Disability Services - A
Disability Services - A
ASU Disability Services
Student Union, Room 2181
Dean B. Ellis Library, Room 242
DISABILITY SERVICES STAFF
Jane Coburn – Administrative Specialist
Christina Laurentia – Adaptive Technology
Sondra Sims – Learning Disability Specialist
Corlisha Presley – Note-taking Specialist
Vaneta Harvey – Physical Accommodations
WHAT IS A DISABILITY?
A person with a disability is an
individual who has a physical or mental
impairment that substantially limits one
or more of his/her major life activities.
While the definition of disability
remains unchanged, the new
regulations have changed the way
federal courts are required to
interpret the term “disability”.
MAJOR LIFE ACTIVITIES
Major life activities are those that an
average person can perform with little or
The term “major bodily functions” has been
included within the term “major life
Examples of major life activities and major
bodily function are in the following slides.
MAJOR LIFE ACTIVITIES INCLUDE
(BUT ARE NOT LIMITED TO):
Caring for oneself
In the EOCC’s final ruling it added:
sitting, reaching, and interacting with others
MAJOR BODILY FUNCTIONS
INCLUDES FUNCTIONS OF:
Special sense organs
Normal cell growth
This also includes the operation of an individual organ with a
body system (e.g. the operation of the kidney, liver or
regulations no longer call for:
An evaluation of the nature and severity of
The duration or expected duration of the
The actual or expected impact of the
EEOC EXPLAINS FURTHER
The “condition, manner or duration” analysis
may be useful in some circumstances, but is not
required to prove or disprove a disability.
It may be useful in appropriate cases to consider,
as compared to most people in the general
population, the condition and manner in which
the individual performs the major life activity
and/or the duration of time it takes to perform
the major life activity.
(29 C.F.R. 1630.2 (j)(4))
EPISODIC OR IN REMISSION
As required by the Amendments Act, the new
regulations state that an “impairment that is
episodic or in remission is a disability if it would
substantially limit a major life activity when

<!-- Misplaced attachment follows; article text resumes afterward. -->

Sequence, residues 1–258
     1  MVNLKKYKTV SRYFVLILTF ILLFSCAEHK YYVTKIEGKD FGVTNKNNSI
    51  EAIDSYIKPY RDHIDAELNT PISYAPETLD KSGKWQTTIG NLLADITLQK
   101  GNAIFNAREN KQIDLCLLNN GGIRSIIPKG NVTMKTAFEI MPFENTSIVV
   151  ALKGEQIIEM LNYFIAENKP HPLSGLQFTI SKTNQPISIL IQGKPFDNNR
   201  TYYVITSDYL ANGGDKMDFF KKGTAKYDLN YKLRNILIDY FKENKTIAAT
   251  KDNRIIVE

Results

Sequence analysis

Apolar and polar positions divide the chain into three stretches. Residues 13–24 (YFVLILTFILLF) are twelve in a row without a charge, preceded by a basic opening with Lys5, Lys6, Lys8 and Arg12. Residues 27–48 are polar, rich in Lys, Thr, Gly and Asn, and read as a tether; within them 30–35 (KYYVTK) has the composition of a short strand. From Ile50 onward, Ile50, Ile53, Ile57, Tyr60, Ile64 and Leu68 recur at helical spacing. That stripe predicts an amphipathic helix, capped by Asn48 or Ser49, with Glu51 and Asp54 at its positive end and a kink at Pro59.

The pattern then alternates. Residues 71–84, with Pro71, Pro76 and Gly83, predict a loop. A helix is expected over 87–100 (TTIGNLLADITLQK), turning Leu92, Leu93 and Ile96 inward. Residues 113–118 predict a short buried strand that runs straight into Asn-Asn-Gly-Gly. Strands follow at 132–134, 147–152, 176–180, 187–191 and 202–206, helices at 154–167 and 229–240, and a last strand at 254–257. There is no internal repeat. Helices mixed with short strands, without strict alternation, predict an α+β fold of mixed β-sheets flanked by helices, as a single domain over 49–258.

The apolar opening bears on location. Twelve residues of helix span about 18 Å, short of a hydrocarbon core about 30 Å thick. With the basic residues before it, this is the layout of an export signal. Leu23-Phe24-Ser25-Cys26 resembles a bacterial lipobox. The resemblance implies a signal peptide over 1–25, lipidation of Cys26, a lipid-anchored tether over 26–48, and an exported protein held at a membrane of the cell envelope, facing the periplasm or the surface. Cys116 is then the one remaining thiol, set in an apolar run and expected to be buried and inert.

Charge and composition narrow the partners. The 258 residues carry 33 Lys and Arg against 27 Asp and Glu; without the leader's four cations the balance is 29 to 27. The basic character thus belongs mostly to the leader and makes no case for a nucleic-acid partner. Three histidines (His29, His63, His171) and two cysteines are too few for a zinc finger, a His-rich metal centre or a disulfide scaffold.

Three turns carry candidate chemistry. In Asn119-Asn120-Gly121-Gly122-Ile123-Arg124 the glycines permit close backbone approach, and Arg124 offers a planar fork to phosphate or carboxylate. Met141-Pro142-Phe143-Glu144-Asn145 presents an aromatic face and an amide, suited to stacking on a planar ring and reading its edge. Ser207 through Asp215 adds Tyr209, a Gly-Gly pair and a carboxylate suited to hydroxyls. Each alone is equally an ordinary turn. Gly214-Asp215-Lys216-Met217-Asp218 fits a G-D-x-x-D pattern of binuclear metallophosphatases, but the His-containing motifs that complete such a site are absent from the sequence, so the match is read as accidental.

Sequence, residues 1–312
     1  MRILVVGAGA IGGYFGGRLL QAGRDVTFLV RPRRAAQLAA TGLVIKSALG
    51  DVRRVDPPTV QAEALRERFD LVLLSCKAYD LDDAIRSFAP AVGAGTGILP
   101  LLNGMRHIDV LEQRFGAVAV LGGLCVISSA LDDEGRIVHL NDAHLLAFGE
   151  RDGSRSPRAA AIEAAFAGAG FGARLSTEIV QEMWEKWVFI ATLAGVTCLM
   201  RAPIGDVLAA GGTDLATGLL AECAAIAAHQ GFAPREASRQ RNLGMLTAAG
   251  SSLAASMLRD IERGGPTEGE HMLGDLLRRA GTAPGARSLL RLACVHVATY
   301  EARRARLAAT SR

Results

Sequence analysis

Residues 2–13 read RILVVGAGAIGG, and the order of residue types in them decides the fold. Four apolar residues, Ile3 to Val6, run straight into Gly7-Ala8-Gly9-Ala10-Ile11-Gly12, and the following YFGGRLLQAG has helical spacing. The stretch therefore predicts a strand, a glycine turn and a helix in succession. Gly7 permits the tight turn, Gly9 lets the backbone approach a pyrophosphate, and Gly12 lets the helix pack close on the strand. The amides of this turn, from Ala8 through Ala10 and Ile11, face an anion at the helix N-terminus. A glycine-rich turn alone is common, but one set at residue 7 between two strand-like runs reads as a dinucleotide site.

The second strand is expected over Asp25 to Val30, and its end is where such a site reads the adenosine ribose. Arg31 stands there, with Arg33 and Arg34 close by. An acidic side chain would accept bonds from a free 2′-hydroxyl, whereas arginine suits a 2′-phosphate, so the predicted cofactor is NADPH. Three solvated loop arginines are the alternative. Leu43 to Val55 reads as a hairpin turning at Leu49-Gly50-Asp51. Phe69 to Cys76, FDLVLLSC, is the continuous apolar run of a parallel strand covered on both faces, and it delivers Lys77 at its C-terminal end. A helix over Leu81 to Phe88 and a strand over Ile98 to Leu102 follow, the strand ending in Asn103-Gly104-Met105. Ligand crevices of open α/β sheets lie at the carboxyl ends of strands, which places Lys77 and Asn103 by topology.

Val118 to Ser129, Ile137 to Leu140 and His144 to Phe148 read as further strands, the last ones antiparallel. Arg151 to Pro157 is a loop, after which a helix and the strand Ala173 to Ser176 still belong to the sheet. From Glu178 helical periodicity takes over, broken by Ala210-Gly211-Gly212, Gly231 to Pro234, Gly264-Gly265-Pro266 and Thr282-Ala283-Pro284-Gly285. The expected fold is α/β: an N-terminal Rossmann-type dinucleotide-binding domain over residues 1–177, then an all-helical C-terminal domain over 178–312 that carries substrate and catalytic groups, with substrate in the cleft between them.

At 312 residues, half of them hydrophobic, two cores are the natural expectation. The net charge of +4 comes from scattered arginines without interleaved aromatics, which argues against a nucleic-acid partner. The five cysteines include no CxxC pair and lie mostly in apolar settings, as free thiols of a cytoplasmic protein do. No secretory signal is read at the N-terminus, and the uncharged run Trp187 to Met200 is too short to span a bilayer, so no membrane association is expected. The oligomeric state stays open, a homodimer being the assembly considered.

(29 C.F.R. 1630.2 (j)(1)(vii))
provision was added to ensure that
disabilities such as diabetes and posttraumatic stress disorder would be
TOTAL STUDENT POPULATION SERVED
Learning Disability 15%
Physical Mobility 23%
Physical Dexterity 6%
ASU DEGREE CENTERS/REGIONAL SITES
ASU Technical Center – Marked Tree
ASU Mountain Home
East Arkansas Community College – Forrest City
Mid-South Community College – West Memphis
Arkansas Northeastern College – Blytheville
Ozarka College - Melbourne
is committed to achieving equal
educational opportunity and full
participation for persons with disabilities.
It is the University’s policy that no qualified
person be excluded from participating in any
University program or activity, be denied the
benefits of any University program or activity,
or otherwise be subjected to discrimination
with regard to any University program or
person with a disability must
be ensured the same access
programs, opportunities, and
activities at the University as all others.
barriers, whether physical,
programmatic or attitudinal must be
RESPONSIBILITIES OF FACULTY
with the DS contact person any
concerns related to the accommodations or
arrangements requested by the student.
Provide appropriate accommodations,
either personally or by making
arrangements with DS.
Ensure the confidentiality of
information regarding students with
TIPS FOR FACULTY
a student with a disability does
not contact you, contact the student to
find out what accommodations will be